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Getting Creative with Corks!

Back in the summer of 2017, I decided to get experimental with a whole bunch of wine corks that I had sorted out of my typical reserve of used bottle caps. One thing I noticed was that the corks were much easier to modify, whether it be cutting them in half 'top to bottom' or cutting specific amounts off the ends to make the corks different heights (when sitting upright).


The idea popped into my head to try and use this to my advantage to replicate what it would look like the moment a drop of wine falls out of the bottle and drips into a wine glass. Since all of the corks had different shades of stain from the wine, I thought I could use this to play with the way the light reflects off of a liquid surface that is rippling outward. Combining the different shades of that beautifully rich wine stain with the ability to manipulate the 'heights' of the corks gave me the ability to capture this phenomenon in a 3-dimensional manner.


I found multiple photos of this ripple effect and used them to create my design - including metrics for both the 'height' of the corks and the shade of the light/dark reflections of the wine.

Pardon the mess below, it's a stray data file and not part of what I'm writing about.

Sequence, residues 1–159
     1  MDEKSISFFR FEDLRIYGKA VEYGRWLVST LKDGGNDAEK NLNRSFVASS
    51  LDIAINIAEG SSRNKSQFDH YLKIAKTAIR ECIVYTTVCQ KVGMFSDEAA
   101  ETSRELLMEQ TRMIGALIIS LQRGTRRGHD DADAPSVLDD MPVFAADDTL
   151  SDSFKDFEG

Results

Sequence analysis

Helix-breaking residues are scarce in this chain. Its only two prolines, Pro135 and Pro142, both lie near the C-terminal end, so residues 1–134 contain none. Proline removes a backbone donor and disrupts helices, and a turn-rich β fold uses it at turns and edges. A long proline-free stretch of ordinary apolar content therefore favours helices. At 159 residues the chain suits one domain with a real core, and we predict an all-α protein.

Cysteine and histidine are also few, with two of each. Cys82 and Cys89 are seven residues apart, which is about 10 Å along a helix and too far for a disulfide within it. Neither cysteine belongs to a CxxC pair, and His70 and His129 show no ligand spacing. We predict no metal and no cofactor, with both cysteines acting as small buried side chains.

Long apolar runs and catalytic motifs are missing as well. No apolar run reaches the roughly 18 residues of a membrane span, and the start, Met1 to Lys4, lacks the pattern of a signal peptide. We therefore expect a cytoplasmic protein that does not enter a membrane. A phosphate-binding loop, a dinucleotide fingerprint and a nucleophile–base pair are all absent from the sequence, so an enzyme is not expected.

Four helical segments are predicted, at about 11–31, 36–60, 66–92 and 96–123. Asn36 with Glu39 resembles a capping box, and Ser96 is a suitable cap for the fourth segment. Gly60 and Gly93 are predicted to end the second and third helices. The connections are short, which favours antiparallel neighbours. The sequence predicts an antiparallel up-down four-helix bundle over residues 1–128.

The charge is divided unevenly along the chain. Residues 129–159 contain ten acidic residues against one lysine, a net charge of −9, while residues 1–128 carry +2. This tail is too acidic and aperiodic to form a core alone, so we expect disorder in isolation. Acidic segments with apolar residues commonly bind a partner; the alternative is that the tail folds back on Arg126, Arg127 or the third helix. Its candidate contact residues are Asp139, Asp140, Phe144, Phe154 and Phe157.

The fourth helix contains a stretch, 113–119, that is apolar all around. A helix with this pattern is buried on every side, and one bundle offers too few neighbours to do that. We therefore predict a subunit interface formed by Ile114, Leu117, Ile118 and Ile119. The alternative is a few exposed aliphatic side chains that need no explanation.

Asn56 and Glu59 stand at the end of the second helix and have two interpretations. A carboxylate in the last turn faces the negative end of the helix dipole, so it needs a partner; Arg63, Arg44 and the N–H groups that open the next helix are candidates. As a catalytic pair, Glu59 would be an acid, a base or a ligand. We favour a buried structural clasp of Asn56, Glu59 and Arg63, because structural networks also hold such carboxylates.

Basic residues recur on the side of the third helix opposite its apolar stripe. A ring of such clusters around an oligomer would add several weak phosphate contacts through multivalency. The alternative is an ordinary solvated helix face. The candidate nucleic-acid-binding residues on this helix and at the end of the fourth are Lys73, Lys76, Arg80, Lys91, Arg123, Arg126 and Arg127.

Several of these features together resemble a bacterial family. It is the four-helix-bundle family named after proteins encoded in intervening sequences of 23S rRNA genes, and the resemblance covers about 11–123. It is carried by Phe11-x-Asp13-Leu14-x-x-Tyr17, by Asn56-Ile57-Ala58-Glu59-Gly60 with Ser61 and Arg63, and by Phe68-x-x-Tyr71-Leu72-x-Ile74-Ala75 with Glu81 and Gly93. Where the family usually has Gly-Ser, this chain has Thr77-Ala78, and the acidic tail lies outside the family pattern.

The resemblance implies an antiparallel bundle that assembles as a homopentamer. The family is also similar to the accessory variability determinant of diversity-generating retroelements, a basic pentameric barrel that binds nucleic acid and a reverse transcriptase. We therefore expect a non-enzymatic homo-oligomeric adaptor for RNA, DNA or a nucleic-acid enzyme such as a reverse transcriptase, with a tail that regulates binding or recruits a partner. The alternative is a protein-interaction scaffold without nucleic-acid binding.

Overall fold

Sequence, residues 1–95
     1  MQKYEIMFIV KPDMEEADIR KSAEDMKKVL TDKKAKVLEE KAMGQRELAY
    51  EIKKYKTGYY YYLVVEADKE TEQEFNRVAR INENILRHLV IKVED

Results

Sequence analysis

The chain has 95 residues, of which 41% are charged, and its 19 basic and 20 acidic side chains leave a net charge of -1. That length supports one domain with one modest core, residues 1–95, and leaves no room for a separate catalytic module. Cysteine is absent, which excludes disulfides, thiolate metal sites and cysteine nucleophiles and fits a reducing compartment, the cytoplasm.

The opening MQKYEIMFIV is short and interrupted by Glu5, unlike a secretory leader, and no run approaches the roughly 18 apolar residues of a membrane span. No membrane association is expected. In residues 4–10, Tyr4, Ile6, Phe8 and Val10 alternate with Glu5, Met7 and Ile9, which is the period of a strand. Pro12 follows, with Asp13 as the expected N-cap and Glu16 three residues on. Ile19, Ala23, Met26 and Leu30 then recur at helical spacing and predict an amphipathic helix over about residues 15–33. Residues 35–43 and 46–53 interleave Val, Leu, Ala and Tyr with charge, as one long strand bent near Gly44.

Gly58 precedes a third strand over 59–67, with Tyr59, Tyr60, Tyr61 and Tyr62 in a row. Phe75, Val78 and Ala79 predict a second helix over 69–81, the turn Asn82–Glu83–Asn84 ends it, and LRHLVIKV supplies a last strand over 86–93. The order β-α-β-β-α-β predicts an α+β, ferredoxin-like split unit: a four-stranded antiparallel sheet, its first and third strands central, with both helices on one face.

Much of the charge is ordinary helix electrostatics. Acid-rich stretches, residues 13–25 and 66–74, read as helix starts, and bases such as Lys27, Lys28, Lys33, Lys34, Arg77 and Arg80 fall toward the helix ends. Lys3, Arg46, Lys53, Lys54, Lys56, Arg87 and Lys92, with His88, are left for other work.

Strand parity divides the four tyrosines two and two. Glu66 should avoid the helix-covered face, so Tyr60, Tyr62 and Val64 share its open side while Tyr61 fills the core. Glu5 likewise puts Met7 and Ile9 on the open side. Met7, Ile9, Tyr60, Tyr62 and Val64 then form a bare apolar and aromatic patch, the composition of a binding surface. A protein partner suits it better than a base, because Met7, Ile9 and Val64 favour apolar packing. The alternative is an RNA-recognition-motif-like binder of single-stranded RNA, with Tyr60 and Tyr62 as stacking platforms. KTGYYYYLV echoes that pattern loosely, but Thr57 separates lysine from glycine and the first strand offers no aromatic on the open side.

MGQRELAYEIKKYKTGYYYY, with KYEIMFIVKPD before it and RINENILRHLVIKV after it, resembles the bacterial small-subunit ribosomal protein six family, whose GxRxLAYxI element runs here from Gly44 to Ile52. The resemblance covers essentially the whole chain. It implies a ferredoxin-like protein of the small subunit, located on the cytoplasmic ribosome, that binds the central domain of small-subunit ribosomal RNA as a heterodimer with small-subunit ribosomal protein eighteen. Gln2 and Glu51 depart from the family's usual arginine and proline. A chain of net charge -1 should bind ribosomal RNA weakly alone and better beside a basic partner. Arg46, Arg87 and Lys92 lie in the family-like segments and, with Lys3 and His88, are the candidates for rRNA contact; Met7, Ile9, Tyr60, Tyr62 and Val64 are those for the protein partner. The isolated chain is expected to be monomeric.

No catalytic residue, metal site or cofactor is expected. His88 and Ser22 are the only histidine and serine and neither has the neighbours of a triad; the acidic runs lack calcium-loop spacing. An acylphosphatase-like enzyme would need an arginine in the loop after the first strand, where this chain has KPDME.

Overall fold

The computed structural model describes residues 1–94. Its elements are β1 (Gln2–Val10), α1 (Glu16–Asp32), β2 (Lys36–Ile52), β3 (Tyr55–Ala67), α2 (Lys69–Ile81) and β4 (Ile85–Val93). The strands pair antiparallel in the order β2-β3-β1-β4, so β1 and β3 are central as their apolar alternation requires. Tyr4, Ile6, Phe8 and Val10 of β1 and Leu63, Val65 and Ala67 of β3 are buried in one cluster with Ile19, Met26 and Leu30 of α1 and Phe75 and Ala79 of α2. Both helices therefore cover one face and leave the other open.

Then the fun part started...

First, I sorted all my corks into boxes by the darkness of stain that was on the bottom face of the cork; I had four boxes with dark, medium dark, medium light, and light stained corks. If the cork was from white wine, I put them all into one box. Then, using a sharp kitchen knife, I cut enough corks in half 'top to bottom' to create a frame around the edge of my 'canvas' (which is just a thin piece of plywood with 1 x 2 fastened to the back for strength). Working my way from the bottom of the mosaic to the top, I fastened each cork into place in rows with a pneumatic staple gun to firmly hold them into place. I had to cut approximately 90-95% of the corks as only the peaks of the ripples were full corks and all the valleys had to be cut to certain depths - if you will.


This was very tedious work, but after a few rows, I really got into the groove and it became quite meditative in a way. I somewhat lost myself in this macro version of what would typically occur within a wine glass-worth of space. 48 rows and roughly 1500 corks later, I had filled up the entire space.



Standing back and looking at it, I felt it was missing one crucial component - the wine droplet itself. I ended up using a hot glue gun to combine about 25 corks in a way that looked like a droplet being ejected back out of the wine ripple. I used a piece of a metal hanger to connect the droplet to the rest of the mosaic and it was finished!





This piece ended up being purchased along with two other custom bottle cap mosaic commissions (Albert Einstein and Jimi Hendrix) and now resides permanently in a workplace in St. Louis, Missouri, which is shared by a graphic design group and a trashcan liner company (how fitting!).


Check out the video below and my YouTube page, which I will be updating regularly as I complete my pieces!